Heritage and Challenge: The History and Theory of History

By Paul K. Conkin; Roland N. Stromberg | Go to book overview

CHAPTER 7

RECENT TRENDS

ONE of the perennial, perhaps consoling claims of professional historians is that they have moved up to a new level of methodological rigor or theoretical sophistication. Or they claim that they are the first to have explored a brand-new field or have taken a novel approach to fields already explored. Thus claims of a “new” history abound in each generation. The claim usually mixes pretension with real achievement. Few of the new histories are quite so new or so novel as their advocates claim, but each usually gives evidence of the changing interest of historians or of a notable enhancement of their skills.

The claim of newness goes back a long way. Many past historians expressed discontent with traditional modes and called for and sometimes achieved a fresh approach. Usually the fresh approach took the form of a broadening of subject matter. Voltaire, then Carlyle and Michelet, then later such Victorian historians as John R. Green ardently championed what they saw as a novelty—less political “court” history of kings and wars and more about the lives of the people; fewer descriptive details and more generalizations about the causes of social change; and more on literature, the arts, and popular culture. James Harvey Robinson launched a so-called new American history in the early twentieth century, and tried to imprint his conception of it on the prestigious multivolumed New American Nation series (most observers thought the results not a huge success). Meanwhile, the immensely influential French school associated with the journal Annales, edited by Bloch and Febvre, built on earlier foundations when it began another new history in 1929.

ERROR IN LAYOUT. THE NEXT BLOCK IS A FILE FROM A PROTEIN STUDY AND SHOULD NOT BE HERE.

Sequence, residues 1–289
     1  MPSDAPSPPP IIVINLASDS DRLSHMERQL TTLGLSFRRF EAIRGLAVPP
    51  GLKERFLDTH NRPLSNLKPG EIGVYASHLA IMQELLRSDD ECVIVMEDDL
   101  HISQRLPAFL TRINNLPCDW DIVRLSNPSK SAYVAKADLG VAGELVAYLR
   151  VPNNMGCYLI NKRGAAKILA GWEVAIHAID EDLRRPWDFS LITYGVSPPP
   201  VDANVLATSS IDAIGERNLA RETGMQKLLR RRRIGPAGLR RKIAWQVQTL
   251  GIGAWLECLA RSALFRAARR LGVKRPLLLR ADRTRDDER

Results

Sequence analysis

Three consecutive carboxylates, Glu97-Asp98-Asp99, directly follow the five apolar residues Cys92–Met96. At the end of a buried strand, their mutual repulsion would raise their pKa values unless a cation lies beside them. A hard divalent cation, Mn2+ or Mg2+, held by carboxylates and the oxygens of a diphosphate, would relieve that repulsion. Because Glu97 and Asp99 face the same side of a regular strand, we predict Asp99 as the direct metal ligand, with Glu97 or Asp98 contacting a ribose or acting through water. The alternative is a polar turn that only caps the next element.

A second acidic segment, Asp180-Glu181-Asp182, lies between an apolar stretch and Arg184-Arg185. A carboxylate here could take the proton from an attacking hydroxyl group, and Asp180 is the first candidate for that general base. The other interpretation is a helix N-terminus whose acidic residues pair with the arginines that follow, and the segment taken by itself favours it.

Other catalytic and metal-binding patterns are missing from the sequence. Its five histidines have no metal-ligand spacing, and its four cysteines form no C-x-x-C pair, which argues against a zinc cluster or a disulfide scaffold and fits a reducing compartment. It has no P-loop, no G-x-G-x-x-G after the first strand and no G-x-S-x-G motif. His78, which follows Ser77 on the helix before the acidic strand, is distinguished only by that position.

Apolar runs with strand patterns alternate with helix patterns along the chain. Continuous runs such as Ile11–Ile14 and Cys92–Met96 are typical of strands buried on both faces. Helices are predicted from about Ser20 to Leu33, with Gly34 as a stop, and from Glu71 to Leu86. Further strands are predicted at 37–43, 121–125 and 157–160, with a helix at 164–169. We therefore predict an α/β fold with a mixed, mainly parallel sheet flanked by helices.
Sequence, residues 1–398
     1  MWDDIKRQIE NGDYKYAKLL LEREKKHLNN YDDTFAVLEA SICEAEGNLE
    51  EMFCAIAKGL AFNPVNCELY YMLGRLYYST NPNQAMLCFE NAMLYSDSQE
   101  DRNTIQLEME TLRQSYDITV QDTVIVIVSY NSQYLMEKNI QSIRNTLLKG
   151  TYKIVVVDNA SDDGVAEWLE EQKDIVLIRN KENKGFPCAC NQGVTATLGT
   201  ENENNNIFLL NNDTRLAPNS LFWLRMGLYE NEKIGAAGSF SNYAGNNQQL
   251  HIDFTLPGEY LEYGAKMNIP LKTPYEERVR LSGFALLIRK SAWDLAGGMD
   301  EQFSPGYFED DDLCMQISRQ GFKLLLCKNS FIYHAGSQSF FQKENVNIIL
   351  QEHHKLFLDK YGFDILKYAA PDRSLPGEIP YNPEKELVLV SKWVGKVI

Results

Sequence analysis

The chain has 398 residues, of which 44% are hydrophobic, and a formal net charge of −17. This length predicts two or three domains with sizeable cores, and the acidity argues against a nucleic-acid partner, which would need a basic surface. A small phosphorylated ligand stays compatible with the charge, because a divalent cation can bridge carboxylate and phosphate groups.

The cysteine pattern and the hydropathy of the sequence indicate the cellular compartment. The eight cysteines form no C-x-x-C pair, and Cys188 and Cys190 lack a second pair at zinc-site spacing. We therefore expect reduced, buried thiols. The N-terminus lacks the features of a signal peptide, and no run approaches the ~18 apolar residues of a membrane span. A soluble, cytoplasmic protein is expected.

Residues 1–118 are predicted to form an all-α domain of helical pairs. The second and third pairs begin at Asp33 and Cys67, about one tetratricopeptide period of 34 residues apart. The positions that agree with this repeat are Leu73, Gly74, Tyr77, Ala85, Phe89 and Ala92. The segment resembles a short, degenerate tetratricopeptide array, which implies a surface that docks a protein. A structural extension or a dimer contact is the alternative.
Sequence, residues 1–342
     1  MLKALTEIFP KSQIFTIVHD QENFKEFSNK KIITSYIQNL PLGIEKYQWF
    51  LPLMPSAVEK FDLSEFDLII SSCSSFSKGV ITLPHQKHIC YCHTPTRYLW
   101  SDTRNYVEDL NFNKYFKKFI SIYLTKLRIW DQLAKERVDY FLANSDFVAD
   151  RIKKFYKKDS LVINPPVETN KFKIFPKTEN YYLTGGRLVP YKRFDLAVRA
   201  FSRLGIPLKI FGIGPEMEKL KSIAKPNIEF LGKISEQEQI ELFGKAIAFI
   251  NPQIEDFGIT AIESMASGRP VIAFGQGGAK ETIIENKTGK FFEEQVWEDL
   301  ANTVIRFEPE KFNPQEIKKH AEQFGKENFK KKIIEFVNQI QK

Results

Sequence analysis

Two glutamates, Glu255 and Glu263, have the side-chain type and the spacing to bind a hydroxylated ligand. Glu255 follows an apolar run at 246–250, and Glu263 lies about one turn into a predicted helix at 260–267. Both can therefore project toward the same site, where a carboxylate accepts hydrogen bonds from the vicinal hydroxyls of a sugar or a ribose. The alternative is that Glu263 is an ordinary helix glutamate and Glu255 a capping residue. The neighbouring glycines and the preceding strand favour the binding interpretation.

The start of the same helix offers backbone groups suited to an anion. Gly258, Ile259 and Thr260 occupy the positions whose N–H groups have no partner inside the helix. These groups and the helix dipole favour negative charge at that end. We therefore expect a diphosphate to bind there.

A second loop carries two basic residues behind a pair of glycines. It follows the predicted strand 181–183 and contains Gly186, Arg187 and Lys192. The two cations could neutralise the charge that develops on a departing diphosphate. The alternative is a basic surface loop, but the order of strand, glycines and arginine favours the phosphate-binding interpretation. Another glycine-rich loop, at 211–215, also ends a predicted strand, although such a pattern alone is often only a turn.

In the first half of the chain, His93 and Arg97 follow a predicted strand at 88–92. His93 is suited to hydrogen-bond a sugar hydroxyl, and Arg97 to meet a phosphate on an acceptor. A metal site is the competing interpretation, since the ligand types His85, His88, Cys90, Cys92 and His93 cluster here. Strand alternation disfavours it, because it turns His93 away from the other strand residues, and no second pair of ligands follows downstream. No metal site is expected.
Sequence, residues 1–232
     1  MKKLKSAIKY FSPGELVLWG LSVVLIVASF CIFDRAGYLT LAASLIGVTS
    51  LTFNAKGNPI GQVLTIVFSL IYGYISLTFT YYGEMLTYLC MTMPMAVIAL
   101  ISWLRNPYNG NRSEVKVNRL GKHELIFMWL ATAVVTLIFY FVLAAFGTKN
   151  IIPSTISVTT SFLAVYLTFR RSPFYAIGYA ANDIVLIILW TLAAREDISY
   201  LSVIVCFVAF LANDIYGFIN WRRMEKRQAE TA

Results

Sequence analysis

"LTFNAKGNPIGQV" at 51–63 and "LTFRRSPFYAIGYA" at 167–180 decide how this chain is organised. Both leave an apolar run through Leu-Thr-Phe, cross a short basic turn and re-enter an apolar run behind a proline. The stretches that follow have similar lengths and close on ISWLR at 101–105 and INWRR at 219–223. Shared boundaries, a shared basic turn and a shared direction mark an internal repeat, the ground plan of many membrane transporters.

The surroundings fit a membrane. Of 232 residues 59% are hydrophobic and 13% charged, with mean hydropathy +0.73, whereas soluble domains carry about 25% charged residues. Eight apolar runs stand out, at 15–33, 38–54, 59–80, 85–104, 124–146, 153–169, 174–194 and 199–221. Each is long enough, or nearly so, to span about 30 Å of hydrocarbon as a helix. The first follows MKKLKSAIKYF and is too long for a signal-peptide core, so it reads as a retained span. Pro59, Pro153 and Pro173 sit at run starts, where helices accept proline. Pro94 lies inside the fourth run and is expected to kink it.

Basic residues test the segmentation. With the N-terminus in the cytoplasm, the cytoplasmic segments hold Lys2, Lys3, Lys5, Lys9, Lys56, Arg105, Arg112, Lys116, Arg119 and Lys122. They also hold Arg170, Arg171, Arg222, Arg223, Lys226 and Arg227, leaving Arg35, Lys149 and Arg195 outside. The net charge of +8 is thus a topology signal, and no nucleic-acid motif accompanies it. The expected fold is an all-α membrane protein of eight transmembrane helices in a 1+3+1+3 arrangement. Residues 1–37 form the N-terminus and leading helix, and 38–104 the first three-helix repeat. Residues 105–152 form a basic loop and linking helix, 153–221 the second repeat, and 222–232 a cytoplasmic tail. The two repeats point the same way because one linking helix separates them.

Social History and Its Offspring

If anything was common to all earlier “new” departures, or even tied them to more recent trends dating from the 1960s, it was an emphasis

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